Speaking at the Westminster Social Policy Forum on alcohol policy in London on March 25th, Rosanna O’Connor, director of alcohol and drugs at Public Health England, said consumption of alcohol in England had risen significantly since the 1950s continuing a spiralling “upward trend”.
Responding to questioning by an attending delegate that alcohol consumption had actually decreased (HRMC figures released in February confirmed that alcohol consumption had fallen by 16% since 2004). She said: “There has been a very significant upward trend over the last 50 years. There are times over the last 50 years were there have been small drops and those have often been associated with economic downturn.
“One would hope that we are on the brink of a significant downturn. I don’t seek to undermine that but I think we cannot put to one side the unbelievable harms that the increased levels of consumption are having across society, particularly upon people suffering inequalities across a broad range of health issues.”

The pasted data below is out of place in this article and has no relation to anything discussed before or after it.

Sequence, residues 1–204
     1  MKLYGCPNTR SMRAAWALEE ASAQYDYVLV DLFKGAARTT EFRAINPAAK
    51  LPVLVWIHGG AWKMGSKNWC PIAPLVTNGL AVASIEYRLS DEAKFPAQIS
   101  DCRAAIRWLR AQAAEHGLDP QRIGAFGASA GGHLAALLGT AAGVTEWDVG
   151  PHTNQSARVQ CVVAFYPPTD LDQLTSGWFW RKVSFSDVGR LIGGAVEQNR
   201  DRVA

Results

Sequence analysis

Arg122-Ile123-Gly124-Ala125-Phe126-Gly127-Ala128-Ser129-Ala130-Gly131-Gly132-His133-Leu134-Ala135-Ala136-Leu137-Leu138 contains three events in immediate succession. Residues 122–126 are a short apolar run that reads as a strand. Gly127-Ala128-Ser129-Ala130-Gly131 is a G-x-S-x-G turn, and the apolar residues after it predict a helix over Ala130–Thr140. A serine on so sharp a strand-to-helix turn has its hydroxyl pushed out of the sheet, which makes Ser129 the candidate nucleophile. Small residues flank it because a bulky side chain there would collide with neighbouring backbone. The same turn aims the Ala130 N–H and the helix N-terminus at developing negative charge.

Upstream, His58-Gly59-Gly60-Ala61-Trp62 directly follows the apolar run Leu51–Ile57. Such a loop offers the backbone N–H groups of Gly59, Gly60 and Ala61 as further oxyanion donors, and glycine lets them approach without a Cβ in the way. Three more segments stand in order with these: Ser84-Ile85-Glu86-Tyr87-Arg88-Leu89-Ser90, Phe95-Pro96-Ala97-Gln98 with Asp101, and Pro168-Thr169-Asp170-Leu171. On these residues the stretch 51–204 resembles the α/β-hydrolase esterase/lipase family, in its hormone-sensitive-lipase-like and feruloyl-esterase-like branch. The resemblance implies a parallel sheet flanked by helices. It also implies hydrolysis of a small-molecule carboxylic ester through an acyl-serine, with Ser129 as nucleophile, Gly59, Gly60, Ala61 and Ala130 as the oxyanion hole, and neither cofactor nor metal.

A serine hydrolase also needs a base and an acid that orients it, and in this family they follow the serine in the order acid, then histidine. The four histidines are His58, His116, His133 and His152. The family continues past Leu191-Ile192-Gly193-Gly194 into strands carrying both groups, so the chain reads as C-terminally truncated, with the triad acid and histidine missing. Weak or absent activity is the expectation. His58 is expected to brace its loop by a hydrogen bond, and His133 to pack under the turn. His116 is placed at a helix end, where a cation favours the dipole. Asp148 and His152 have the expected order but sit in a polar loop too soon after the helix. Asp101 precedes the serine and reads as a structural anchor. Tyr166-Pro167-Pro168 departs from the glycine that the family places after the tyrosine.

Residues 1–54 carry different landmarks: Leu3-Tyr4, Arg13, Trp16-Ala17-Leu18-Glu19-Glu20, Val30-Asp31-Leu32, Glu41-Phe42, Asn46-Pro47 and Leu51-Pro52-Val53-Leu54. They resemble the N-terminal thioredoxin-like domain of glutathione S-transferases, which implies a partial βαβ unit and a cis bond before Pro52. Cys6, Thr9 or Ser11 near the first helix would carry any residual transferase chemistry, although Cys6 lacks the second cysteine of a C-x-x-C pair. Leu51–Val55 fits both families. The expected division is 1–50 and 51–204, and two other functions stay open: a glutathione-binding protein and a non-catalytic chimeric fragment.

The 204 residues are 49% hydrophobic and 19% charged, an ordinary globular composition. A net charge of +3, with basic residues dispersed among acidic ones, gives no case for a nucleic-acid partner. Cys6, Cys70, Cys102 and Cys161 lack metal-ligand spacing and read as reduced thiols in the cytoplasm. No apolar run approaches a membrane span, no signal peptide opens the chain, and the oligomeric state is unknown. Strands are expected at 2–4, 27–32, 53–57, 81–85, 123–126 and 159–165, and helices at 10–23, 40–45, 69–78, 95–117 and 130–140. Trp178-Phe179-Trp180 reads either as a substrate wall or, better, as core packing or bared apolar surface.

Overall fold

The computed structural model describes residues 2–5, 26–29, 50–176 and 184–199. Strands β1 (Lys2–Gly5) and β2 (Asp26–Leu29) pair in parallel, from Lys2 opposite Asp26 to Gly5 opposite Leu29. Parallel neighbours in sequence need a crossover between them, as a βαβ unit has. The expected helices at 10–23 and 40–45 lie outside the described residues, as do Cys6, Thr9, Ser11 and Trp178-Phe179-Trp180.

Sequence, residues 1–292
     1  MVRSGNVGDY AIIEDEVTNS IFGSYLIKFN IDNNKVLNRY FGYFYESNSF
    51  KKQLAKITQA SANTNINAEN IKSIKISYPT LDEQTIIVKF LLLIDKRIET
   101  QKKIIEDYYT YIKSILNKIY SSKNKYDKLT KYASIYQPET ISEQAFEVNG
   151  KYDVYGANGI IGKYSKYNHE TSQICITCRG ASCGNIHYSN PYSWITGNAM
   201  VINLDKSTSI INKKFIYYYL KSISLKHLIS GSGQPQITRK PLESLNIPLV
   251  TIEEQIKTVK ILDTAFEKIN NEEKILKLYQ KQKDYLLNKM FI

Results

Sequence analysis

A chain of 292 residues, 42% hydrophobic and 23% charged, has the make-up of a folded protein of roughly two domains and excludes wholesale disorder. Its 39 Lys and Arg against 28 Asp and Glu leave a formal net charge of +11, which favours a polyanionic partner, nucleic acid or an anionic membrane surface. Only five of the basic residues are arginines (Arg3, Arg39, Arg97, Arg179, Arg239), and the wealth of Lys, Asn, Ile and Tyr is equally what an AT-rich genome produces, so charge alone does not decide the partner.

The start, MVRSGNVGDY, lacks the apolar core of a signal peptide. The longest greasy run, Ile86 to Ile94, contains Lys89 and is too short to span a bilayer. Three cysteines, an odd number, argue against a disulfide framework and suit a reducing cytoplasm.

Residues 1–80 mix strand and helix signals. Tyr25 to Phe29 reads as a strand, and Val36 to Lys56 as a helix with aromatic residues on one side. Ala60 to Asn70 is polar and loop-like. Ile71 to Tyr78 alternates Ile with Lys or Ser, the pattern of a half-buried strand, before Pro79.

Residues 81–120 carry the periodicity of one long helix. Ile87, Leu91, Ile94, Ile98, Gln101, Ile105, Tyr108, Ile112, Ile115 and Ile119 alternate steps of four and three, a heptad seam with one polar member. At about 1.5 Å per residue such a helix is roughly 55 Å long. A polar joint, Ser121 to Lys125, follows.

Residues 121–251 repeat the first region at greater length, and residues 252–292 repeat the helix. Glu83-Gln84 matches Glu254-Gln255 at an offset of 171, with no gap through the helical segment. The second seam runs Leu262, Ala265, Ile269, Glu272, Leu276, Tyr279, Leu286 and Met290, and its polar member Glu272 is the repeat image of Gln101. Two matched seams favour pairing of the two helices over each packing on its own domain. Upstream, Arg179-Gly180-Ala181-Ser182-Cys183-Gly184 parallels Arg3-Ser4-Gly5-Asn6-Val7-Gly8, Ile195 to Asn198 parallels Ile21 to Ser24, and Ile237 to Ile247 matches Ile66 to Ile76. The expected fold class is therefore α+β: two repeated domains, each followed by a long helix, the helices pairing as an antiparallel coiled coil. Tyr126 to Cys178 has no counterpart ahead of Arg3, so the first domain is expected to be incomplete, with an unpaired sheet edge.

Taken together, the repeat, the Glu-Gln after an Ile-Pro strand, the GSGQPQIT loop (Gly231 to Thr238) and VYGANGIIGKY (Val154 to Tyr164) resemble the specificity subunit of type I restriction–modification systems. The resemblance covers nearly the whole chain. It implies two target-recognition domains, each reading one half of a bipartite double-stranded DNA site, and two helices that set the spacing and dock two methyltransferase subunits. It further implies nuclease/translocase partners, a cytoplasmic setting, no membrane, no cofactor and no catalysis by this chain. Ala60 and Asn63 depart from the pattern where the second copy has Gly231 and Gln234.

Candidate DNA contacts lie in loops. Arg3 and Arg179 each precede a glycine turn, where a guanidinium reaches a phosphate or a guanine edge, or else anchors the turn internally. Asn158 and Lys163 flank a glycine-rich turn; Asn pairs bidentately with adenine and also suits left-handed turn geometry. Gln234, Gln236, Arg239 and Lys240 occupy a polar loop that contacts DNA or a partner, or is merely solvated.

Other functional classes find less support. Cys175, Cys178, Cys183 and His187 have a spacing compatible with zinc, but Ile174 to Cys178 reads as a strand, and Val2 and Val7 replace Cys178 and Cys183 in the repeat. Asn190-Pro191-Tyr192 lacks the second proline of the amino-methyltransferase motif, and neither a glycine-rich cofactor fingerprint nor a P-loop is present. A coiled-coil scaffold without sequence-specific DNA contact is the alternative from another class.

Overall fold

O’Connor told delegates attending the key note seminar that 10% of the population drink 45% of all alcohol consumed – and that it was those individuals who needed to be supported.
O’Connor said she believed the answer to tackling excessive consumption lies in taking a multi-agency approach incorporating partnerships at local and national levels to drive change, but that there is no doubt that price and availability affects consumption and over the past 50 years alcohol has become more affordable and available. O’Connor believes that health organisations need to focus on creating environments that support lower risk drinking and on lowering the consumption of at risk drinkers.
Government estimates currently place the total cost of alcohol to society is estimated at £21 billion per year; crime £11bn, the NHS £3.5bn and the cost of productivity £7bn.